China’s primates could disappear by end of this century, study warns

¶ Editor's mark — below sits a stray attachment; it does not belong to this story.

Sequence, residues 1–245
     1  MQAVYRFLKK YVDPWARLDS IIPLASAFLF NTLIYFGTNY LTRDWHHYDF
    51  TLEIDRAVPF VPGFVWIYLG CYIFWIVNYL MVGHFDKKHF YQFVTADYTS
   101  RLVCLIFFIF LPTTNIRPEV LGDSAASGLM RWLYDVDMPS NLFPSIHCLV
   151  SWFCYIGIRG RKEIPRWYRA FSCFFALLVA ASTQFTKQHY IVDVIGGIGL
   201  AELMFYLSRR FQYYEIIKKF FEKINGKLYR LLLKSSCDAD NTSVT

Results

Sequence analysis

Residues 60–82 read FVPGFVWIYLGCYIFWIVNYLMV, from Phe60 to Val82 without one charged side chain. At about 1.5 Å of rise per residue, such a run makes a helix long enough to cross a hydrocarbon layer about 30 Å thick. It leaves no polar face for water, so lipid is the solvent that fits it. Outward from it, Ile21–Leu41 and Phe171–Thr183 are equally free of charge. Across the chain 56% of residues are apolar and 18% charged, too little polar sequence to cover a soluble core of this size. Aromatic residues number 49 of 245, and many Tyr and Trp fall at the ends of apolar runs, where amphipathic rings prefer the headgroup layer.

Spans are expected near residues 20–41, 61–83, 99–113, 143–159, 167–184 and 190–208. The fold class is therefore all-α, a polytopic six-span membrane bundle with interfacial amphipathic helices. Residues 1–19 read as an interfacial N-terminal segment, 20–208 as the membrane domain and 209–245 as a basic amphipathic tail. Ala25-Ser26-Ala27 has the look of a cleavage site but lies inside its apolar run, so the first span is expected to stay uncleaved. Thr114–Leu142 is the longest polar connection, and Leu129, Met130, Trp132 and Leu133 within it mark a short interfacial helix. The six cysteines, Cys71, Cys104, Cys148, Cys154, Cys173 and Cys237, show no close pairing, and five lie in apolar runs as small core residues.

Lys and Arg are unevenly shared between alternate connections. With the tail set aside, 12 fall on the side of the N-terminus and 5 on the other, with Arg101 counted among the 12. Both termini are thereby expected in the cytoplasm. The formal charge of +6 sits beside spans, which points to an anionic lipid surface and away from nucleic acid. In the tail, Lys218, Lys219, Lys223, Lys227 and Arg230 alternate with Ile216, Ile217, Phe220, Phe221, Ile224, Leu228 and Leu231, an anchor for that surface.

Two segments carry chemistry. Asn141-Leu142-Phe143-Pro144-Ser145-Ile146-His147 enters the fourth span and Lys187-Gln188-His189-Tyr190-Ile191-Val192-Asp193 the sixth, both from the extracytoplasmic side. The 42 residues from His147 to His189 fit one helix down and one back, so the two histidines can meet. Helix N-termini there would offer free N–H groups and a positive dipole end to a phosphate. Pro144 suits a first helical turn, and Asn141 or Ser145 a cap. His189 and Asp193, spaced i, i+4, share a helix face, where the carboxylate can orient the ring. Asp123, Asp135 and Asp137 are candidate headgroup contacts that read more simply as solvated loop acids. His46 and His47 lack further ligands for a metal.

first_imgArticle published by Shreya Dasgupta China has some 25 species of primates, of which 15 to 18 have fewer than 3,000 individuals surviving in the wild, according to a new study.Two species of gibbons have become extinct in China in just the past two decades, while two other species of gibbons have fewer than 30 individuals in the country.Researchers warn that primate distributions in China could shrink by 51 percent to 87 percent by the end of this century.Expanding suitable habitat for primates is critical, the researchers say, as is prioritizing a network of protected corridors that can connect isolated primate subpopulations. Most primates in China could be wiped out by the end of this century, a new study warns.China is the second-most primate-rich country in Asia, with 25 known species of non-human primates, including lorises, macaques, langurs, snub-nosed monkeys, and gibbons. Since the 1950s, though, primate populations have declined drastically, largely due to clearing of large tracts of forests for farmland and plantations; industry; roads, railways and other infrastructure; and urbanization. In this rapidly changing landscape, China’s primates are struggling to survive.Some 80 percent of China’s primates are currently listed as threatened (either vulnerable, endangered or critically endangered) on the IUCN Red List, researchers report in the study in Biodiversity and Conservation, which reviewed the status of China’s primates.Of the 25 primate species, 15 to 18 have fewer than 3,000 individuals surviving in the wild. Two species of gibbons, the northern white-cheeked gibbon (Nomascus leucogenys) and the white-handed gibbon (Hylobates lar yunnanensis), have disappeared from China in just the past two decades. While the two gibbon species are present in other parts of Asia, their status is dire: they are listed as endangered (white-handed gibbon) or critically endangered (northern white-cheeked gibbon) on the IUCN Red List.“Such gloomy profiles actually did not surprise me — given I grew up in the countryside of China, engaged with zoology of the region for years and witnessed the procedures of environment damages,” co-author Ruliang Pan, an adjunct senior research fellow at the University of Western Australia, told Mongabay in an email. “My biggest concern, perhaps of all the co-authors’, is wondering how much time the primates in China still have to co-exist with humans. We used to have a great ape (orangutans) and two species of the gibbons, which became extirpated in just the wink of an eye.”Northern white-cheeked gibbon in Planckendael Zoo, Belgium. Image by Ad Meskens via Wikimedia Commons (CC BY-SA 4.0).Two more gibbon species could be heading toward extinction in China soon. The Hainan black crested gibbon (Nomascus hainanus) has only about 20 individuals left in the wild, all of them in Bawangli National Nature Reserve on the island of Hainan. Similarly, the eastern black crested gibbon (Nomascus nasutus) has only about 100 individuals across China and Vietnam, with fewer than 30 living in China.In fact, 13 of the 25 primate species in China have fewer than 1,000 individuals remaining in the wild. These include the recently named Skywalker hoolock gibbon (Hoolock tianxing), the pygmy slow loris (Nycticebus pygmaeus), the Arunachal macaque (Macaca munzala), the northern pig-tailed macaque (Macaca leonina), Myanmar snub-nosed monkey (Rhinopithecus strykeri), gray snub-nosed monkey (Rhinopithecus brelichi), white-headed langur (Trachypithecus leucocephalus), and Shortridge’s langur (Trachypithecus shortridgei).To see how the primates would do in the future, the researchers modeled the effects of expanding agriculture on primate distributions over the next 25 to 75 years. They found that under the most “optimistic” scenario, which presumes the country moving toward a cleaner and more resource-efficient society, primate distribution will likely decline by 51 percent by the year 2100. Under the business-as-usual scenario, which assumes China will continue with its current national policies, gibbons, lorises and most langur species will be lost. Under the “pessimistic” scenario, which assumes that China’s national policies will allow agriculture to expand into currently protected areas, primate distributions will shrink by 87 percent by end of this century — that is, most of China’s primate populations will face extinction.“The modelling in the paper predicted some worst scenarios on primate status in China over the next 25-75 years,” Wen Xiao, a researcher at the Institute of Eastern-Himalaya Biodiversity Research at Dali University, Yunnan, who was not part of the study, told Mongabay in an email. “It may not be that bad, because it is based on most rapid agricultural expansion data in China between 1961 and 1990; deforestation and agriculture expansion trend has stopped to some extent now as suggested in this paper. But people should know how bad it can be and be alert.”A pygmy slow loris. Image by David Haring/Duke Lemur Center via Wikimedia Commons (CC BY-SA 3.0).Pan said it was critical for the Chinese government to reshape its eco-social development strategies. “The good sign is that the current regime has started thinking about the problems.”The government has had some success with the Hainan gibbons, for example. By the 1980s, there were only 10 Hainan gibbons remaining in the wild, down from an estimated 2,000 in the 1960s. The population has grown slightly since then, with around 20 Hainan gibbons living in Bawangli National Nature Reserve, thanks to a reforestation program that had the goal of converting pine plantations into a mix of native and non-native forest.“The program has been aiming at increasing plants consumed by the gibbons; instead of planting exotic species, the seeds from the plants eaten by the gibbons were collected and planted in primary forest,” Pan said. This type of reforestation program that aims to restore and expand the naturally occurring foods and plant species that gibbons and other primates need is essential to their survival, Pan added.The Chinese government has set aside some 1.6 million square kilometers (620,000 square miles) under national nature reserves, provincial reserves or local reserves. But very few primates occur within the larger national reserves, the researchers say.“Although China has expanded its system of nature reserves (which has helped reduce deforestation and hunting within reserve boundaries but not in areas adjacent to reserves), and has allocated billions of dollars to reforestation, most of these programs are not designed to regenerate native habitats, which are crucial for primate survival,” the authors write in the paper.Northern pig-tailed macaque. Image by JJ Harrison via Wikimedia Commons (CC BY-SA 3.0).Expanding suitable habitat for primates is critical, as is prioritizing a network of protected corridors that can connect isolated primate subpopulations. More importantly, for China’s monkeys, langurs, lorises and gibbons to survive well into the future, the Chinese government, Chinese scientists, national and international conservation organizations, and the Chinese public must work together, the researchers add.“It is very necessary to have a joint international unit in China to oversee primate conservation issues, strategies and commitments,” Pan said. “Such a unit based in a Chinese university could bring together scientists, politicians, conservation organizations, both governmental and non-governmental, social media and public to efficiently and systematically carry on a series of conservation implantations. Such a mission could be practiced through sharing databases, information and research results, particularly scientific models for conservation.”Paul Garber, a primatologist at the University of Illinois, said in a statement that non-human primates represented our closest living relatives and played “an important role in maintaining the health of tropical forest ecosystems and serve as models for understanding human evolution, health, behaviour, biology, cognition, and sociality.”“China is facing a historic moment and has one final opportunity to balance economic growth and environmental sustainability, or face the unprecedented loss of animal and plant biodiversity,” he added.Lar gibbons at Salzburg zoo. Image by MatthiasKabel via Wikimedia Commons (Multi-license with GFDL and CC-BY 2.5).Citation:Li, B., Li, M., Li, J., Fan, P., Ni, Q., Lu, J., … & Huang, Z. (2018). The primate extinction crisis in China: immediate challenges and a way forward. Biodiversity and Conservation, 1-27. Animals, Apes, Biodiversity, Conservation, Deforestation, Endangered Species, Environment, Forests, Gibbons, Governance, Green, Mammals, Monkeys, Primates, Research, Wildlife center_img Popular in the CommunitySponsoredSponsoredOrangutan found tortured and decapitated prompts Indonesia probeEMGIES17 Jan, 2018We will never know the full extent of what this poor Orangutan went through before he died, the same must be done to this evil perpetrator(s) they don’t deserve the air that they breathe this has truly upset me and I wonder for the future for these wonderful creatures. So called ‘Mankind’ has a lot to answer for we are the only ones ruining this world I prefer animals to humans any day of the week.What makes community ecotourism succeed? In Madagascar, location, location, locationScissors1dOther countries should also learn and try to incorporateWhy you should care about the current wave of mass extinctions (commentary)Processor1 DecAfter all, there is no infinite anything in the whole galaxy!Infinite stupidity, right here on earth.The wildlife trade threatens people and animals alike (commentary)Anchor3dUnfortunately I feel The Chinese have no compassion for any living animal. They are a cruel country that as we knowneatbeverything that moves and do not humanily kill these poor animals and insects. They have no health and safety on their markets and they then contract these diseases. Maybe its karma maybe they should look at the way they live and stop using animals for all there so called remedies. DisgustingConservationists welcome China’s wildlife trade banThobolo27 JanChina has consistently been the worlds worst, “ Face of Evil “ in regards our planets flora and fauna survival. In some ways, this is nature trying to fight back. This ban is great, but the rest of the world just cannot allow it to be temporary, because history has demonstrated that once this coronavirus passes, they will in all likelihood, simply revert to been the planets worst Ecco Terrorists. Let’s simply not allow this to happen! How and why they have been able to degrade this planets iconic species, rape the planets rivers, oceans and forests, with apparent impunity, is just mind boggling! Please no more.Probing rural poachers in Africa: Why do they poach?Carrot3dOne day I feel like animals will be more scarce, and I agree with one of my friends, they said that poaching will take over the world, but I also hope notUpset about Amazon fires last year? Focus on deforestation this year (commentary)Bullhorn4dLies and more leisSponsoredSponsoredCoke is again the biggest culprit behind plastic waste in the PhilippinesGrapes7 NovOnce again the article blames companies for the actions of individuals. It is individuals that buy these products, it is individuals that dispose of them improperly. If we want to change it, we have to change, not just create bad guys to blame.Brazilian response to Bolsonaro policies and Amazon fires growsCar4 SepThank you for this excellent report. I feel overwhelmed by the ecocidal intent of the Bolsonaro government in the name of ‘developing’ their ‘God-given’ resources.U.S. allocates first of $30M in grants for forest conservation in SumatraPlanet4dcarrot hella thick ;)Melting Arctic sea ice may be altering winds, weather at equator: studyleftylarry30 JanThe Arctic sea ice seems to be recovering this winter as per the last 10-12 years, good news.Malaysia has the world’s highest deforestation rate, reveals Google forest mapBone27 Sep, 2018Who you’re trying to fool with selective data revelation?You can’t hide the truth if you show historical deforestation for all countries, especially in Europe from 1800s to this day. WorldBank has a good wholesome data on this.Mass tree planting along India’s Cauvery River has scientists worriedSurendra Nekkanti23 JanHi Mongabay. Good effort trying to be objective in this article. I would like to give a constructive feedback which could help in clearing things up.1. It is mentioned that planting trees in village common lands will have negative affects socially and ecologically. There is no need to even have to agree or disagree with it, because, you also mentioned the fact that Cauvery Calling aims to plant trees only in the private lands of the farmers. So, plantation in the common lands doesn’t come into the picture.2.I don’t see that the ecologists are totally against this project, but just they they have some concerns, mainly in terms of what species of trees will be planted. And because there was no direct communication between the ecologists and Isha Foundation, it was not possible for them to address the concerns. As you seem to have spoken with an Isha spokesperson, if you could connect the concerned parties, it would be great, because I see that the ecologists are genuinely interested in making sure things are done the right way.May we all come together and make things happen.Rare Amazon bush dogs caught on camera in BoliviaCarrot1 Feba very good iniciative to be fallowed by the ranchers all overSponsoredlast_img read more